r = a W G S 84 1 e W G S 84 2 1 ( e W G S 84 2 + c o s ( λ ) )
with λ = s i n ( S z S )
where a W G S 84 = 6378137 meters and e W G S 84 = 0.08181919084262 are the semi-major axis and the eccentricity of the WGS84 Earth geoid, respectively. The point on the Earth’s surface that satisfies the three conditions listed above is then solved for iteratively, using the equations below. A correction gain K has been added to quicken the convergence, considering that the initial guess for the location of S (for example, the sub-receiver Earth surface point) will be a great distance from the final solution as follows.
S temp = ( S + K s ^ )
where s ^ = S S is the directional unit vector for the correction.
This intermediate value is then converted to a unit vector and scaled by the Earth radius, giving us the new estimate for S to be used during the next iteration,
S = r S ^ temp = r S temp S temp
The specular point can be considered found when the difference between the old and new values of S falls below a specified tolerance after several iterations. Finally, we can test the third condition listed above, that Snells law is satisfied with respect to the incoming and reflected wave directions. This complete procedure is fairly easy to implement in any mathematical scripting language.

B. Appendix: Calculating Doppler and Delay Across the Surface

The delay at every point on the surface can be calculated using Equation 5. The same equation can be used iteratively to map iso-range ellipses across the surface as shown in Figure 1. The minimum path delay at the specular point can be used to reference these additional paths across the surface. In addition to the iso-range curves, there also exist lines of constant frequency across the surface. Unlike the iso-range ellipses however, the lines of constant frequency form parabolas on the surface. The Doppler frequency of the signal at different points across the surface can be accurately determined using well known formulas, with respect to the known positions and velocities of the transmitter, receiver and specular point. The general formula for the calculation of a signals Doppler frequency between two points is shown below with an important addition. In the GNSS case the Doppler includes an additional term representing the rate of the receiver clock drift. The resulting expression for Doppler as measured in a GNSS receiver, between two arbitrary vectors A and B , with velocities A v and B v is,
D = [ ( A v B v ) · ( A B ) A B ] f c + D c l k
which is simply the relative velocity between the two points projected onto the unit vector connecting them, using a dot product, and converted to frequency, where f is the signal frequency (1575.42e6 Hz for GPS L1), c is the speed of light in a vacuum (2.99792458e8 m/s) and D c l k is the Doppler contribution due to the receiver clock drift b ˙ . The receiver clock drift is normally estimated during the navigation solution in units of m/s and can be converted to a frequency as D c l k = b ˙ f c . The clock drift of the transmitting satellite is very small and is not considered.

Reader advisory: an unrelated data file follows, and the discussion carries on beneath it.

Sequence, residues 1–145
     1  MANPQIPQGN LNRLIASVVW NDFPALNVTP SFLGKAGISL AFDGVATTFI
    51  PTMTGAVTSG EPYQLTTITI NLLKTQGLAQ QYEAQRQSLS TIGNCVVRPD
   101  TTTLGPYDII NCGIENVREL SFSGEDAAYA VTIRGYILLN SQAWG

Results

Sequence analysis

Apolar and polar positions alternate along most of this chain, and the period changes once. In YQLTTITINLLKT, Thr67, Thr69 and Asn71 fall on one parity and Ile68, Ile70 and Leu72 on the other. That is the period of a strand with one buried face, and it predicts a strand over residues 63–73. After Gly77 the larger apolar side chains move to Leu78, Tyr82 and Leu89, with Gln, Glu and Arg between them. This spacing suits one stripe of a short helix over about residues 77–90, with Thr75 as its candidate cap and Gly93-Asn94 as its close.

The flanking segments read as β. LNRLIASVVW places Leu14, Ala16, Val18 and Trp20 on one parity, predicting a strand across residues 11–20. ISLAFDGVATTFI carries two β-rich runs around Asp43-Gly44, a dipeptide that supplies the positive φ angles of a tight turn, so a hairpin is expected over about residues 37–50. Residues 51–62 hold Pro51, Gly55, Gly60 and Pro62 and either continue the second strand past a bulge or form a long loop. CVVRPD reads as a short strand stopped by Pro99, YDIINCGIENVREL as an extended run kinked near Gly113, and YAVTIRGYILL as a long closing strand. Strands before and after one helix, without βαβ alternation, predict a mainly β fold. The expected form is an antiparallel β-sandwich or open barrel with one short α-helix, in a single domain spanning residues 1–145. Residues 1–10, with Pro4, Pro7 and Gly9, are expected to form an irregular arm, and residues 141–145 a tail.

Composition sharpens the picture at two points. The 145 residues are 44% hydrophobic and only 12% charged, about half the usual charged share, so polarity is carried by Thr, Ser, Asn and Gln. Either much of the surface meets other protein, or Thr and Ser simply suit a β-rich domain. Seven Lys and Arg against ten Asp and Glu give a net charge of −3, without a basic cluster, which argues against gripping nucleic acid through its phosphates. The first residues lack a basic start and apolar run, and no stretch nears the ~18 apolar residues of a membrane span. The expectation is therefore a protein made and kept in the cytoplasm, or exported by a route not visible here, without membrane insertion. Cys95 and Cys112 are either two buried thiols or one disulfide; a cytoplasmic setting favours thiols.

Equation 11 only considers the Doppler shift between two arbitrary points A and B , while in the case of a surface reflection three points are involved; The transmitter T , the receiver R , and the specular reflection point S on the Earth’s surface. This necessitates that the calculation be split into two parts, with the Doppler shift between T and S , and between S and R calculated separately as follows,
D = D T S + D S R + D c l k
or in expanded form,
D = [ ( S v T v ) · u ^ T S ] f c + [ ( R v S v ) · u ^ S R ] f c + D c l k
where u ^ is the unit vector between the two points indicated in the subscript.
It can be observed that when using the above equation the velocity of the specular point, or any point on the surface, is zero in an Earth Centered Earth Fixed (ECEF) reference frame such as that of the World Geodetic System 1984 (WGS84). This calculation can be performed around the surface region of the specular reflection point to map the scattered signal frequency over the glistening zone.

C. Appendix: Predicting the Signal Code Phase

The code phase of the received GPS signal is a function of the GPS time, the locations of the transmitter, receiver and reflection point as well as the clock errors of the transmitting satellite and sampling GPS receiver. These biases are relative to the start of the GPS C/A code transmission and allows us to link the detected code phase to the code phase start time on the satellite. The code phase of the direct and reflected signal can be calculated as follows,
ϕ d i r e c t ( t ) = 1023 1023 m o d ( P d i r e c t ( t ) 1023 m c h i p , 1 ) m o d ( t , 0 . 001 ) c m c h i p + m o d ( T b i a s ( t ) , 0 . 001 ) c m c h i p
ϕ r e f l e c t e d ( t ) = 1023 1023 m o d ( P S ( t ) 1023 m c h i p , 1 ) m o d ( t , 0 . 001 ) c m c h i p + m o d ( T b i a s ( t ) , 0 . 001 ) c m c h i p
where: P d i r e c t is the direct path length from the satellite to the receiver, P S is the path length from the satellite to the surface point (S) to the receiver (see Appendix A), m c h i p is the length of 1 GPS L1 C/A code chip, T b i a s is the clock bias of the transmitting satellite, 1023 is the code length in number of chips and c is the speed of light. The location and clock bias of the transmitting satellite can be calculated using data available from the IGS [26] and the time and receiver location are normally provided as part of the receivers navigation solution.
Important Note to Appendix C: All values used in this formula must be valid at time t, which is the GPS time stamp and needs to be corrected for the receiver clock bias. In some receivers, the GPS time within the receiver will be "steered" to match the GPS time with only a small correction needed every second. However, if the bias corrected GPS time of the sampling start does not fall close to a 1 ms boundary, a significant offset will be introduced which is corrected with the m o d ( t , 0 . 001 ) terms above. Additionally, all of the time terms need to be computed modulo 1 ms, and distance terms modulo 1 complete code repeat period distance 1023 m c h i p corresponding to the code repeat period of the transmitted signal. Lastly, if the final value of the code phase is less than 0, simply add 1023 to the result.